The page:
As it says on the blurb, 'we are at the hands of a master.'

Never have I read a book that has tackled a potentially arid subject with such emotion and humanity.

This should be an essential read for anyone with even the slightest bone of interest in their body about where we are today and what has shaped our modern world.

Essential reading.
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5 of 5 people found the following review helpful By Steve on 16 Jan. 2014
Format: Hardcover
World War 1 is in some ways more fascinating than WW2, and there are plenty of us who have read a lot on the subject. For that reason I didn't really fancy this. I thought it might be a rehash of stuff I already knew.

However, I must say that Max Hastings has done a quite brilliant job. The book is extremely readable, with so many details of personal experience, that I don't think I have read anything that comes close. hastings has not only assembled first hand accounts from the British, French and German angles, but also Russian, Serbian and all the rest. There is so much in there that I had no idea about.

Hastings makes an impassioned case that the War in 1914 was not a pointless "lambs to slaughter" situation. Soldiers went into with their eyes open, knowing what they were fighting for. Furthermore, he makes a good case that although Britain and France were certainly worse off after the War, they had saved the continent from German domination, which was the only alternative.

A point which Hastings does not make explicitly, but certainly comes through from the text, is that the big loser was Russia. In 1914, Russia was growing economically at 10% a year and modernising rapidly. By 1916, the Germans would not have dared take them on. Yet Russia was wrecked by the war, and further, spent 70 whole years with its people's lives wrecked by Communism.

I would recommed this book to anyone interested in history.
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186 of 201 people found the following review helpful By Leonard Fleisig TOP 1000 REVIEWERVINE VOICE on 13 Sept. 2013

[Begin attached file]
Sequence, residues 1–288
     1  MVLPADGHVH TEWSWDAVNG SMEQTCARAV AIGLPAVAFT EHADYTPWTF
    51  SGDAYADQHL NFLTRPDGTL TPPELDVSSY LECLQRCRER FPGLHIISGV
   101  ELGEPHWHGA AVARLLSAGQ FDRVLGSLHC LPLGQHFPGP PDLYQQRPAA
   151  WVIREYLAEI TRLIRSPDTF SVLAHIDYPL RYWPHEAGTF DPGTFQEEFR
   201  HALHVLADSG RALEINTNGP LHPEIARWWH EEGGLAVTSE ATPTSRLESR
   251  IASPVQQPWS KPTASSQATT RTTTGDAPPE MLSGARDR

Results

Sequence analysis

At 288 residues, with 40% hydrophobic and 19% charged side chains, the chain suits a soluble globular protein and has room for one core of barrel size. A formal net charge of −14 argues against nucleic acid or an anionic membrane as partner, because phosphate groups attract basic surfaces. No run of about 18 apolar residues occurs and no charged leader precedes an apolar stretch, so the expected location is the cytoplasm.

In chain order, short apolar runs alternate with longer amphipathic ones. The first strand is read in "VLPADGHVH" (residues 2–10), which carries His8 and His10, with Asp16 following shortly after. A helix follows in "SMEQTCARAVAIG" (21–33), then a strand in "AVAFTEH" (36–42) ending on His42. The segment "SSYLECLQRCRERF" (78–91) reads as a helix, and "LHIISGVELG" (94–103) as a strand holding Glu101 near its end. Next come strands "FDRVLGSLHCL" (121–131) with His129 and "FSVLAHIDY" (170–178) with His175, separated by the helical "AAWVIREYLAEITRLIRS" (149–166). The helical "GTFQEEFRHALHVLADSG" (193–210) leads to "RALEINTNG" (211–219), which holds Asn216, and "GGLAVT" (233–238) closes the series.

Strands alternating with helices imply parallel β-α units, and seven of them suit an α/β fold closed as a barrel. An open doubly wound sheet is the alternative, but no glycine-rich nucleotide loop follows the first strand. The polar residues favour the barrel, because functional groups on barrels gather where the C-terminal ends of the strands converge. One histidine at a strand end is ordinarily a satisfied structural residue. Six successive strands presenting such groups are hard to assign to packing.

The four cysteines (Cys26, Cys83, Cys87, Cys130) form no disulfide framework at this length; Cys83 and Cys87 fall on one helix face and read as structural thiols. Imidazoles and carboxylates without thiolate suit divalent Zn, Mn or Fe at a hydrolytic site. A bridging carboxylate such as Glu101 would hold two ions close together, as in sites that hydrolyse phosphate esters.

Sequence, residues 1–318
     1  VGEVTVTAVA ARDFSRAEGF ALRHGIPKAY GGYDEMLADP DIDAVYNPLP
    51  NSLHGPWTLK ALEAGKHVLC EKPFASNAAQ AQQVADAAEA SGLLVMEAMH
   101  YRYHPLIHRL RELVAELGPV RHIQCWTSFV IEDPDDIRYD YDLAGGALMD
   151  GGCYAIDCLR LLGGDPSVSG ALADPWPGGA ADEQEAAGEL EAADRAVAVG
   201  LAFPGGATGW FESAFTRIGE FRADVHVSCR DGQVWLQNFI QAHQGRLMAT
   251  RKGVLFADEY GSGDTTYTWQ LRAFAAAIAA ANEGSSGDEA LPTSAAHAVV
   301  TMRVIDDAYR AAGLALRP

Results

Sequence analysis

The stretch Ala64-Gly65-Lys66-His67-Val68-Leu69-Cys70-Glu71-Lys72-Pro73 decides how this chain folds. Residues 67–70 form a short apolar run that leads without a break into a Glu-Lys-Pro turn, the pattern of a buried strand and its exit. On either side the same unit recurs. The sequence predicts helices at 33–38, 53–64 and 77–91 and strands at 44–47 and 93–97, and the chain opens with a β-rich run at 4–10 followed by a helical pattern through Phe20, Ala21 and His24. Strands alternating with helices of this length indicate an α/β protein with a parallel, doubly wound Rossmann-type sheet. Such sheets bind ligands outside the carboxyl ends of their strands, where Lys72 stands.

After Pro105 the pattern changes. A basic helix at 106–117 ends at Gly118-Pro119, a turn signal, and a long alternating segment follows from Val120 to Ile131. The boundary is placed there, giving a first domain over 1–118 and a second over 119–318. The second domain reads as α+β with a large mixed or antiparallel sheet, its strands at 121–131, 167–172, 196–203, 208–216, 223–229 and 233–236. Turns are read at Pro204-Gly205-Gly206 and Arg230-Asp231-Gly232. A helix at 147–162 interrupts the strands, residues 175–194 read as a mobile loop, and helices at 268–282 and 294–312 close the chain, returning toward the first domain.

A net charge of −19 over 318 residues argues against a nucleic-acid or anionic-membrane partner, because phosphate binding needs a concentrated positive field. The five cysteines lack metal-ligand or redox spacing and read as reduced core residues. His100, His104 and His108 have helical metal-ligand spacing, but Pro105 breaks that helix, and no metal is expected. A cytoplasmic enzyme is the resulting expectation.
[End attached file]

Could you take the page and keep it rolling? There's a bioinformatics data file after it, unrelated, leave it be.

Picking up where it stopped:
Format: Hardcover
Whiles lions war and battle for their dens,
Poor harmless lambs abide their enmity." Wm. Shakespeare. King Henry VI, Part 3.

Max Hasting's "Catastrophe 1914: Europe Goes to War" is a masterfully crafted account of Europe's descent into the apocalypse known as the Great War. It is a study that focuses on Europe's sabre-rattling lions who led millions headlong into the valley of the shadow of death. It also provides a compelling parallel narrative of the lambs, civilian and soldier alike, who in abiding their enmity provided fodder for the carnage that inexorably followed.

Hasting has two stories to tell and he tells them well. The first third or so of the book covers the events leading up to the commencement of the war. The book starts, as many histories of WWI do, with a Prologue on the assassination of Archduke Ferdinand in Sarajevo on 28 June 1914. However, Hasting makes a compelling case for the notion that the events in Sarajevo were but the last link in a chain of events that led to the war. Hastings looks at Sarajevo as a pretext for a war that many European leaders, most notably those in Germany and the Austro-Hungarian empire, were hungry for; while other leaders (France, Russian and to a lesser extent Britain) felt a war was inevitable and did little to stop the march to war.

The remainder of the book is devoted to an account of the first five months of the war, from August through December, 1914. Those marked were marked by the great opening offensives, the Germans march through Belgium toward Paris, the Russian offensive in the East and the Austrian offensives in Poland and Serbia. The outcome of these battles, particularly in the west, drew the battle-lines over which the next three years of trench warfare were fought.
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4 of 4 people found the following review helpful By Mr Lee Rudd on 4 Jun. 2014
Format: Kindle Edition Verified Purchase
As usual from this author, an in depth analysis of the circumstances leading to the First World War, as told by those leading the various nations, and the ordinary soldier, sailer and civilian. The stories are interwoven into a single narrative, leaping from area to area, country to country.

I'm struck by the ineptitude of many of the very senior generals, in not being able to cope with modern warfare on an industrial scale. The soldier at the front seemed able to adapt, although their officers less so, and also less tolerant of war intervening into their comfortable lives.

From a British perspective, I'm also struck by the small contribution of the country to the war in 1914, in comparison to the millions of Frenchman, Russians and Germans to the conflict. Even so, the parochialism and nationalism of many of the counties involved, many resenting their allies more than their enemies!

Max Hastings makes the case that the war was largely the fault of the Germans being unwilling and unable to resist the descent into conflict. Once committed to war, all countries - sadly - were in until the end of the conflict.

Thought provoking, a very worthwhile read to stem the tide of over patriotic remembrance this year.